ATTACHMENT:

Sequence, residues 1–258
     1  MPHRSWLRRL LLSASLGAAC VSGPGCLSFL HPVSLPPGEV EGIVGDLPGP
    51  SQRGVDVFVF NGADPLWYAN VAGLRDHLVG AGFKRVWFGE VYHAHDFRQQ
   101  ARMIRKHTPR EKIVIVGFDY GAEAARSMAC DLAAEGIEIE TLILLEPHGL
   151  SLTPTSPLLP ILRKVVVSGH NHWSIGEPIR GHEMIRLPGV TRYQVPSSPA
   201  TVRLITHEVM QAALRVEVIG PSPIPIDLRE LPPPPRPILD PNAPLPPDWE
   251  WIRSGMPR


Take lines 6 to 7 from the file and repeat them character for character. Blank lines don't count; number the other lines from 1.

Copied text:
   201  TVRLITHEVM QAALRVEVIG PSPIPIDLRE LPPPPRPILD PNAPLPPDWE
   251  WIRSGMPR